basically stick one object to another, but they are still separate. So in order to do that, select the blade, then with Shift, the handle, right click, go to Parent and click on Object. Now, over here in the hierarchy, you can see that the blade
is now inside of the handle. That means if I select the handle and move it around, or rotate this, the blade sticks with this handle. But if I select the blade,
I can still move it freely. You can see this dotted
line which is connected to this handle so it will
always move along with it. Let’s undo this. And, if you want to unparent something, you basically select this, right click, go to Parent, and then
click on Clear Parent. Alright, now we have a nice
knife and a nice apple, and we can also delete the
two reference images here because we don’t need them anymore. Make sure to save this blend file. Okay guys, now you have
a rough idea on how to create hard surface objects in Blender. If you enjoyed this video, make
sure to Like and Subscribe, and leave a comment below. And if you want to get
notified for future videos, make sure to ring the bell
underneath this video. In this video we just
scratched the surface of all the modeling
tools we have in Blender. If you want to learn more
about this modeling tools and get a deeper look on
all the settings and options we have, make sure to
check out our comprehensive Blender 2.8 Launch Pad
course where we will learn all the important things
about all these tools, and also make use of them while creating this nice animated car scene. If you want to learn more, check the link in the video description. Thanks a lot for watching, guys. Now check the next video
where we’ll create the bowl, the wood planks, and then use these as collision objects for a
simple cloth simulation to create this piece of fabric. I will see you there, good bye. (rocket whooshes)

27 thoughts on “Blender 2.8 Beginner Tutorial – Part 4: Hard-Surface Modeling”

  1. Attention! Please protect your fingers 🧤, we will model a sharp knife! ⚠️🔪 🍎😜
    ⇨ Blender 2.8 Hotkey PDF and Project Files (email required):

    ⇨ Blender 2.8 Launch Pad course:


    00:00 – Introduction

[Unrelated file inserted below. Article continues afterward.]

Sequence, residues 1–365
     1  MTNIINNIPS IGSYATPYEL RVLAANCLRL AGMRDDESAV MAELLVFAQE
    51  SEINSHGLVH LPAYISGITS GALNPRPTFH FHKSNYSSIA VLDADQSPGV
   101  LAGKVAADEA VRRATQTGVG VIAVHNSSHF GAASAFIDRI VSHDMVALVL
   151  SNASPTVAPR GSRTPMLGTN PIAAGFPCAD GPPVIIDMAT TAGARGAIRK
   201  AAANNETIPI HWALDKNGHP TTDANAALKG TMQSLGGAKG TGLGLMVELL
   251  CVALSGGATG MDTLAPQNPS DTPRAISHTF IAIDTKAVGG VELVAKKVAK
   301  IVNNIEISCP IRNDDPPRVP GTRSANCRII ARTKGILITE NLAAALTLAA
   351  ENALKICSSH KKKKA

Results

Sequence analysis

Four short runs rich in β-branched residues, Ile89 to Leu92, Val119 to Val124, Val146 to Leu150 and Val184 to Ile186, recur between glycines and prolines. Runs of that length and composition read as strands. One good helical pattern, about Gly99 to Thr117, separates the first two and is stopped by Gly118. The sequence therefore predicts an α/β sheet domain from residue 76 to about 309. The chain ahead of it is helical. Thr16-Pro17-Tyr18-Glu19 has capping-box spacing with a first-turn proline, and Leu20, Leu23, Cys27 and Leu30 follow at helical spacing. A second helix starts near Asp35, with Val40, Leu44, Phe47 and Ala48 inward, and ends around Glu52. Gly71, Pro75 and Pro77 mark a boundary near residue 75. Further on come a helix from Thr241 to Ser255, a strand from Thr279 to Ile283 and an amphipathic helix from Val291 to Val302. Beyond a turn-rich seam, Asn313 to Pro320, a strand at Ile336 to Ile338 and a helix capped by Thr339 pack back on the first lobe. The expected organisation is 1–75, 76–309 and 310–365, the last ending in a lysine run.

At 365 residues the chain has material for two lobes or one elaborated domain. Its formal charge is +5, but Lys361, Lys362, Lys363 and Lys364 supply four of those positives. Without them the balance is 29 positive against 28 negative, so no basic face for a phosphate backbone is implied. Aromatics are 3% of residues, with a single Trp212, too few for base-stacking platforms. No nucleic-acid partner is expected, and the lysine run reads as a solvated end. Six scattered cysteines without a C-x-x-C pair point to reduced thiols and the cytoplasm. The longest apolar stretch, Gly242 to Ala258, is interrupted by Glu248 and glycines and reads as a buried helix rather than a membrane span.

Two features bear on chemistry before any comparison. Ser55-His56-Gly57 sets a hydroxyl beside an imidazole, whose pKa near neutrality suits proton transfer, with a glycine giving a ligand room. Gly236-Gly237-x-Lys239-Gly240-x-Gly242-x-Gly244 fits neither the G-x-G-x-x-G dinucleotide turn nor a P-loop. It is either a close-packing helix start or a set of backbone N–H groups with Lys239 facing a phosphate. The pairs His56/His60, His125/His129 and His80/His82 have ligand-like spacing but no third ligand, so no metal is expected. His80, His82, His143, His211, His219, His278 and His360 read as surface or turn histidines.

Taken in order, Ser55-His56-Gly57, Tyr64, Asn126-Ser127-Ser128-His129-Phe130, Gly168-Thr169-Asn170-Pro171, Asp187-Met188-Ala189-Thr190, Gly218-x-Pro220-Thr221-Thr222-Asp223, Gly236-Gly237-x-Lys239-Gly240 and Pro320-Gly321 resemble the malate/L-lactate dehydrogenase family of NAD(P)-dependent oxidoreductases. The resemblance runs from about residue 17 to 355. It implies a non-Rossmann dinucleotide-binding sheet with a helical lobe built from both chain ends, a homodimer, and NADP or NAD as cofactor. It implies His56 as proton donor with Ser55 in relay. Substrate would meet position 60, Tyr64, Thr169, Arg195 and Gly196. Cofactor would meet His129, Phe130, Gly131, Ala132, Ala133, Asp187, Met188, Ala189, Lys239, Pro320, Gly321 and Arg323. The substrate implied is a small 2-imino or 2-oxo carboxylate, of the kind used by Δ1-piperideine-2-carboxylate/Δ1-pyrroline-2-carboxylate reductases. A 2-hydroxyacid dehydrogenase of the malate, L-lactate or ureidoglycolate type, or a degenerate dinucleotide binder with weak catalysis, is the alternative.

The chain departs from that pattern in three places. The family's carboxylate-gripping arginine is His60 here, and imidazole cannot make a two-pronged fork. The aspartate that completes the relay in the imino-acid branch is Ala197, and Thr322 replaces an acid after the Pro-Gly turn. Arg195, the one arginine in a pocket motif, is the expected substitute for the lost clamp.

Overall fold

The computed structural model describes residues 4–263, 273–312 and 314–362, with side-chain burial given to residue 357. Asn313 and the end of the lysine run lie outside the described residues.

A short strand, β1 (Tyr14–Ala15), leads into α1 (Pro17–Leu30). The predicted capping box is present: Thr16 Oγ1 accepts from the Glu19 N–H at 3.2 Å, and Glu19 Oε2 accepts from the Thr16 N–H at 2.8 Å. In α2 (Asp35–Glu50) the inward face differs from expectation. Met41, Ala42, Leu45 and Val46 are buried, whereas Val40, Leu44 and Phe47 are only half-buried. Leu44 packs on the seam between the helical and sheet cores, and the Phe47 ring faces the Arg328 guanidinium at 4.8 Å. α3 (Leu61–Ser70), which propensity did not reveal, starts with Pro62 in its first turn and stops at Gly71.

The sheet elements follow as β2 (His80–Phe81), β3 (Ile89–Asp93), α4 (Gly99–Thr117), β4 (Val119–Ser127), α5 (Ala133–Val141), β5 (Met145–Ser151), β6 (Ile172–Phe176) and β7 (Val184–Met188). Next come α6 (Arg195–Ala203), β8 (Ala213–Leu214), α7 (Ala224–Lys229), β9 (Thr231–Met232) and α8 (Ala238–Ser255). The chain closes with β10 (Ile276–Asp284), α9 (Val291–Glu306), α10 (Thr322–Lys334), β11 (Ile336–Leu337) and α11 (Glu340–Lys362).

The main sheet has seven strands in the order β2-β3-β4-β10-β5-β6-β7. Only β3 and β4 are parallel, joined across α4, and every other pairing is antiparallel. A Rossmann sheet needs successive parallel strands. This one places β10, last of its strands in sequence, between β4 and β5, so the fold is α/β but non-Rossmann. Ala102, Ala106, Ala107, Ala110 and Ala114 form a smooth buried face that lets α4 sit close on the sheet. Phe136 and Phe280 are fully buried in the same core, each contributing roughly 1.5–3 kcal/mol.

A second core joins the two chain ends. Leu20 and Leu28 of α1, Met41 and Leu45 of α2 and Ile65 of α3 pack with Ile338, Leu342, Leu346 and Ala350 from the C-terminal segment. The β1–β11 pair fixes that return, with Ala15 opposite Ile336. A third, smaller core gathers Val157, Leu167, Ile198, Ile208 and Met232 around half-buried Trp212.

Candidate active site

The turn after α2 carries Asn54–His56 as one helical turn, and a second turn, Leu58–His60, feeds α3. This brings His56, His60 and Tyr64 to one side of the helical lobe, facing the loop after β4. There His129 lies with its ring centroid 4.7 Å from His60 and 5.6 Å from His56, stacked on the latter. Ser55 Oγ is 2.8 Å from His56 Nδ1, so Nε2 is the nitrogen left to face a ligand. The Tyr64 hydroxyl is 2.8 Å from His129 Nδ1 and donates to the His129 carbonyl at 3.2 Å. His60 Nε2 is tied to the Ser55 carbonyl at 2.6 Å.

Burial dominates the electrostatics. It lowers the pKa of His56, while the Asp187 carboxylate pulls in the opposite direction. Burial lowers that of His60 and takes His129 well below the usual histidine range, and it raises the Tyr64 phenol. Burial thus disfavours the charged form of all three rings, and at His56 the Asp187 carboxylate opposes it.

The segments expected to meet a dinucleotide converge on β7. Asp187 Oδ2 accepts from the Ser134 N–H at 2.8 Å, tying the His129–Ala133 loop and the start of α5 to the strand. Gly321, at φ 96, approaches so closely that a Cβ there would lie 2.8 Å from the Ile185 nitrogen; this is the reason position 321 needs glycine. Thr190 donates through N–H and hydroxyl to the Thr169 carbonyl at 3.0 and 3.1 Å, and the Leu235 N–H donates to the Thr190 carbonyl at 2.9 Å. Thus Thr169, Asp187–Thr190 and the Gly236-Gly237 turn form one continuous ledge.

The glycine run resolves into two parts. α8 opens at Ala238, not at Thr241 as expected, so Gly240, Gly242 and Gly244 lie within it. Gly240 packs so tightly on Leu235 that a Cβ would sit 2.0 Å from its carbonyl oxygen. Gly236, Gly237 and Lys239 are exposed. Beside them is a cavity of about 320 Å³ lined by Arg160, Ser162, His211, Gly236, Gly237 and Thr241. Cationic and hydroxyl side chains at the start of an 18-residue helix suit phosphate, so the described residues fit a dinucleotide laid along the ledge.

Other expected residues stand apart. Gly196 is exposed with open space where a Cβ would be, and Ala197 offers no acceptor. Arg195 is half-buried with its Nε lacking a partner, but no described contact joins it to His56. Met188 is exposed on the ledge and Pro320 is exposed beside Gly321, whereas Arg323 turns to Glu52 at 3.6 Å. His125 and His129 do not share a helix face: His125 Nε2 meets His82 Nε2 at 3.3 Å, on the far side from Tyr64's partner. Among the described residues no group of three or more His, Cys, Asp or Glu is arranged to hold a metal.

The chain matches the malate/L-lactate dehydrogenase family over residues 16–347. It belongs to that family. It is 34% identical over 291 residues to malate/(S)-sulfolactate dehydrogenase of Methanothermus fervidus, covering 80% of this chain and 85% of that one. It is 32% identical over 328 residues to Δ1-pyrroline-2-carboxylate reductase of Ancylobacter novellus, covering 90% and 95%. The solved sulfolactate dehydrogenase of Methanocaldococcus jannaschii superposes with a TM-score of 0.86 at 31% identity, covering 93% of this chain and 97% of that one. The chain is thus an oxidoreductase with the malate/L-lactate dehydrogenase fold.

00:43 – Setting up reference images in Blender

    04:08 – Knife handle preparation

    07:16 – Knife handle modeling

    12:45 – Knife blade modeling

    17:37 – Edge Beveling & Auto Smooth

    19:24 – Parenting objects (grouping)

    20:58 – Outro

  2. Zach, please do some tutorials how to make tree with leaves, bushes and grass 🙂 I need it for my game project, and I have no clue how to make it realistic

  3. Excellent! Thank you! The behavior of the loop tool is odd though, only allowing the mouse wheel to be used to add more cuts when you use the shortcut – same with the bevel tool.

  4. Hi! I'm following the tutorial, but I don't know why my object turn completely white when I click on the Viewport Shading icon (using Eevee). No matter what I change, the object stays full white. Can you help me? Check the screenshot here >

  5. I noticed bevel modifier don't work if I make the knife edge by copying a surface from the handle, detach it by pressing "p" and extrude it. only works if I create a new cube. Is this a bug?

  6. Love your tutorials and always watch them although I know that stuff already.
    But what I really don't get is why you are scaling in object mode in the first place. A beginner might not remember why they get weird results e.g. with the bevel because of the nonuniform scale. Mentioning it is important, but then IMHO it is better to just tell people not to scale in object mode at all. It is as easy and quick in edit mode without having to remember to apply the transform.

  7. Hi zach, you mention the software pixplant. Is that a good software in your opinion to make seamless textures like: tiles, bricks, … or are there better options? I also need to make different sizes and colors of joints between the tiles and bricks.

    ps: I found an other YouTube channel of you looking for pixplant tutorials 😀

  8. If parenting does what's displayed in the tutorial, isn't it too much of a burden? What if you don't remember which objects are "loose" then accidentally manipulate them instead? How is that much different than just selecting two objects next to each other?

  9. Hi thank you for your very sharp knowledge and Knife. I have a question when we added the bevel modifier to the blade and set the limit method to angle have we to tweak the angle value ? to exclud other edge from the modifier affect ?